importance of summer activities

<p>Do colleges really care if you had any summer activities, such as internships? Can summer activities be the deciding factor between you getting accepted/declined? How important is it to have summer activities on your application?</p>

<p>Oh boy, this should open up alot of discussion....I used to think it mattered, I don't anymore...It's important that you do SOMETHING, but IMO it doesn't really matter what that something is....I know that many on this thread will disagree, but I've seen tons of my d's peers get accepted to many top 20 schools after spending their summers at sleepaway camp....Personally, I have encouraged her to do whatever she wants...It is summer, after all.</p>

<p>Now....You can all attack me and tell me I'm wrong.......</p>

<p>I don't think it matters what, although having a summer job is becoming less and less common and personally, I think it looks better and is more helpful then going on some "cushy -volunteer-type" thing that you pay 10 grand to do.</p>

<p>Colleges want people who are genuine. If you genuinely need to earn money because your family is not high income or whatever, then I would say that looks great. And having a job shows many other qualities like responsibility, getting along with co-workers, bosses etc and commitment. Summer jobs can also provide opportunity for essay topics.</p>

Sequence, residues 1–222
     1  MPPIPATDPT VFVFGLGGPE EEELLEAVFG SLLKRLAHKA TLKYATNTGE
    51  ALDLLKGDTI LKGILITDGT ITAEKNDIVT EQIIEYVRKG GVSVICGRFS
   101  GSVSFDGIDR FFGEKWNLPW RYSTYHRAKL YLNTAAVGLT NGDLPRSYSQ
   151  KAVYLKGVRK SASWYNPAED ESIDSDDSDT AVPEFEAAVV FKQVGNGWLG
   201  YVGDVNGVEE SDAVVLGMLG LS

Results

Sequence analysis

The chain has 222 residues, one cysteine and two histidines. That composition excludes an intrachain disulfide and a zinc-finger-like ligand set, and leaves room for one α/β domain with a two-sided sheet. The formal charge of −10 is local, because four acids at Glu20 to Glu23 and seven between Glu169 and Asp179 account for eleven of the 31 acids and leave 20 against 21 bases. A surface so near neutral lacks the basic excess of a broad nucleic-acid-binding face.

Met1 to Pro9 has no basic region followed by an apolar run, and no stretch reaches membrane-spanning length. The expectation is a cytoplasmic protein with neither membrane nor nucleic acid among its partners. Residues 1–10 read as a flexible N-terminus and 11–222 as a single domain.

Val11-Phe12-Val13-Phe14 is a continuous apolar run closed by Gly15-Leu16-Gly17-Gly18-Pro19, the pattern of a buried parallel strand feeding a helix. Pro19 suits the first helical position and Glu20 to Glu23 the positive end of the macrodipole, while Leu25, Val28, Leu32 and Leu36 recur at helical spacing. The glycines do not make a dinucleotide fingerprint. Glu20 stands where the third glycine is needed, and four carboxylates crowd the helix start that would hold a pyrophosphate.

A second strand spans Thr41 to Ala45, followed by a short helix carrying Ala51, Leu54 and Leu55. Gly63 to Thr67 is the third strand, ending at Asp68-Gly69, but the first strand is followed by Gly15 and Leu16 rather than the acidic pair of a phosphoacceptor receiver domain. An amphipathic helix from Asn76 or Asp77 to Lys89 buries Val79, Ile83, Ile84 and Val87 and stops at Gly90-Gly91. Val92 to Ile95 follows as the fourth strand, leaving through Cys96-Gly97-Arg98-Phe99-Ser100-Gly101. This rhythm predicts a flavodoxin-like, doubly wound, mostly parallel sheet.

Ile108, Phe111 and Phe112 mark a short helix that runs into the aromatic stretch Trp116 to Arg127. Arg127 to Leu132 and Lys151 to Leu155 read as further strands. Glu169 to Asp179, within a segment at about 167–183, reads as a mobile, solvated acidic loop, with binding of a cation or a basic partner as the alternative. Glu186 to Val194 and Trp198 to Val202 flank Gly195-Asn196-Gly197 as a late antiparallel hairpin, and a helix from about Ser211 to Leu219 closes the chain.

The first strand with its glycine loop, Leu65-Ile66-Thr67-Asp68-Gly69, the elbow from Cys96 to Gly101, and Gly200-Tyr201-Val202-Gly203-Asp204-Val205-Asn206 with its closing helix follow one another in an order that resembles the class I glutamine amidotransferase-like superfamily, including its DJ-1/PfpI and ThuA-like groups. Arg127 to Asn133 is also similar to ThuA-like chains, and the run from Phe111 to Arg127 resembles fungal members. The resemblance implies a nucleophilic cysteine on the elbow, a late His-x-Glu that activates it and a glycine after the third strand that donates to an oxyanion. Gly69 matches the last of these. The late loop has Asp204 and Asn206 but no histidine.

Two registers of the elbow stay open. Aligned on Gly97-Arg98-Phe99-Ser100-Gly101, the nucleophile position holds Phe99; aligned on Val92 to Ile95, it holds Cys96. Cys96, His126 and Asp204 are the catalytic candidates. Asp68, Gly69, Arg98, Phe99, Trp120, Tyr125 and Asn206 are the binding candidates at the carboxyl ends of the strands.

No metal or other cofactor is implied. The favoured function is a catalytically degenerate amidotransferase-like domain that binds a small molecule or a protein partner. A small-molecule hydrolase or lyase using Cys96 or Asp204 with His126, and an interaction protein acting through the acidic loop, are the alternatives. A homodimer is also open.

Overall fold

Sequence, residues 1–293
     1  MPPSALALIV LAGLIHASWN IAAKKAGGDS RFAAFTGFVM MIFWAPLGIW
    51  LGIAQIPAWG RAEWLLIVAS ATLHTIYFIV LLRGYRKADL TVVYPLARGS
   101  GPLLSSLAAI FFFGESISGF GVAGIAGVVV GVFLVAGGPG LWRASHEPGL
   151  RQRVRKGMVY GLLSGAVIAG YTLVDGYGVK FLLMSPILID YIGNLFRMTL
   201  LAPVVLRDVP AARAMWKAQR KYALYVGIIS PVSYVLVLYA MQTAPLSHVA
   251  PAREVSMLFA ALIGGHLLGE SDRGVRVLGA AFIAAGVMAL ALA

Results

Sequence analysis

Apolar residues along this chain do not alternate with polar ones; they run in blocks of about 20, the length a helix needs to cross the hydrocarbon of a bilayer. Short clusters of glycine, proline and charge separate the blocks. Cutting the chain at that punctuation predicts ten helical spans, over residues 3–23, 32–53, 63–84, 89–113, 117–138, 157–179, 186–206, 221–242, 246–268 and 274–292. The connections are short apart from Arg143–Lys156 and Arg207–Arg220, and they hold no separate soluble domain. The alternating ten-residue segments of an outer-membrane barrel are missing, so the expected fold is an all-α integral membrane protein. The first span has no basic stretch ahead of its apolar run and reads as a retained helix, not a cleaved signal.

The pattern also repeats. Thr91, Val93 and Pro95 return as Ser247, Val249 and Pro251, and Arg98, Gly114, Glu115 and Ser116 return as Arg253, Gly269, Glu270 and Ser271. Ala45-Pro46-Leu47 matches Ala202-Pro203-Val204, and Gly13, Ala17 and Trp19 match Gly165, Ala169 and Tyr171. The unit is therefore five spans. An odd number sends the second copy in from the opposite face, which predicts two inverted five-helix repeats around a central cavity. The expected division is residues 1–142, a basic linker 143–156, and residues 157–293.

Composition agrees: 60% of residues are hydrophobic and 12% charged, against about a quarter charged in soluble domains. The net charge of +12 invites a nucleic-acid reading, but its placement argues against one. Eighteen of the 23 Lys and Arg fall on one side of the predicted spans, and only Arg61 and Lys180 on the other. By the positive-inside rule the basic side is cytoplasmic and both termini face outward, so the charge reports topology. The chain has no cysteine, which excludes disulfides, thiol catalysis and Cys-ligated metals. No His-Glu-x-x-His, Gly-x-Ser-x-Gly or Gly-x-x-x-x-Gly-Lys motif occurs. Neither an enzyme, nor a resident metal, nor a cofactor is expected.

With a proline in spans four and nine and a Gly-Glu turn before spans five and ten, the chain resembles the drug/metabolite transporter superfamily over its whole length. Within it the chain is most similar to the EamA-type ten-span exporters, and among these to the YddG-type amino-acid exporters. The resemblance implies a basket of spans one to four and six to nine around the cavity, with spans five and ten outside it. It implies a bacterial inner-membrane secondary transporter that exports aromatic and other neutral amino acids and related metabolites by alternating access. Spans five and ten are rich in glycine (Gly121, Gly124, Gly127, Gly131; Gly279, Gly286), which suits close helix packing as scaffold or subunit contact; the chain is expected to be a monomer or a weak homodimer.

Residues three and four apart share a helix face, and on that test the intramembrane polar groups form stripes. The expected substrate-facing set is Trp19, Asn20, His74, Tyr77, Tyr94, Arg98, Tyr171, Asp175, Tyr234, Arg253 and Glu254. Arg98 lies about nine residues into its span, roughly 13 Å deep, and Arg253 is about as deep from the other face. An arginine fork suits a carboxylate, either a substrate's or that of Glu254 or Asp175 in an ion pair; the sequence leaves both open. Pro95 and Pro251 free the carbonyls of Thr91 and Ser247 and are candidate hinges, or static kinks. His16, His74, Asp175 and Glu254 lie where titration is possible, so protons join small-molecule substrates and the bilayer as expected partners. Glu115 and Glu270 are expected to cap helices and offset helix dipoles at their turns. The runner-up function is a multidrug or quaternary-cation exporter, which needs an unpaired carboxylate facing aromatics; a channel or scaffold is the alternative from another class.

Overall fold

<p>Summer jobs, plus sports from your school all help to show the person. The bottom line is, do somethig because "it's in you" not because it's what you think or perceive the college wants and everything will work out.</p>

<p>Personally, I don't think I would have gotten into the college that I did if it weren't for my summer activities, but if someone has equally significant activities that are not necessarily during the summer, it's not all that important WHEN these things occur.</p>

<p>But it is nice to show them you did SOMETHING over the summer.</p>

<p>Work is strong, as are legitimate volunteer gigs where you DO NOT PAY. If you pay, it counts quite, quite little.</p>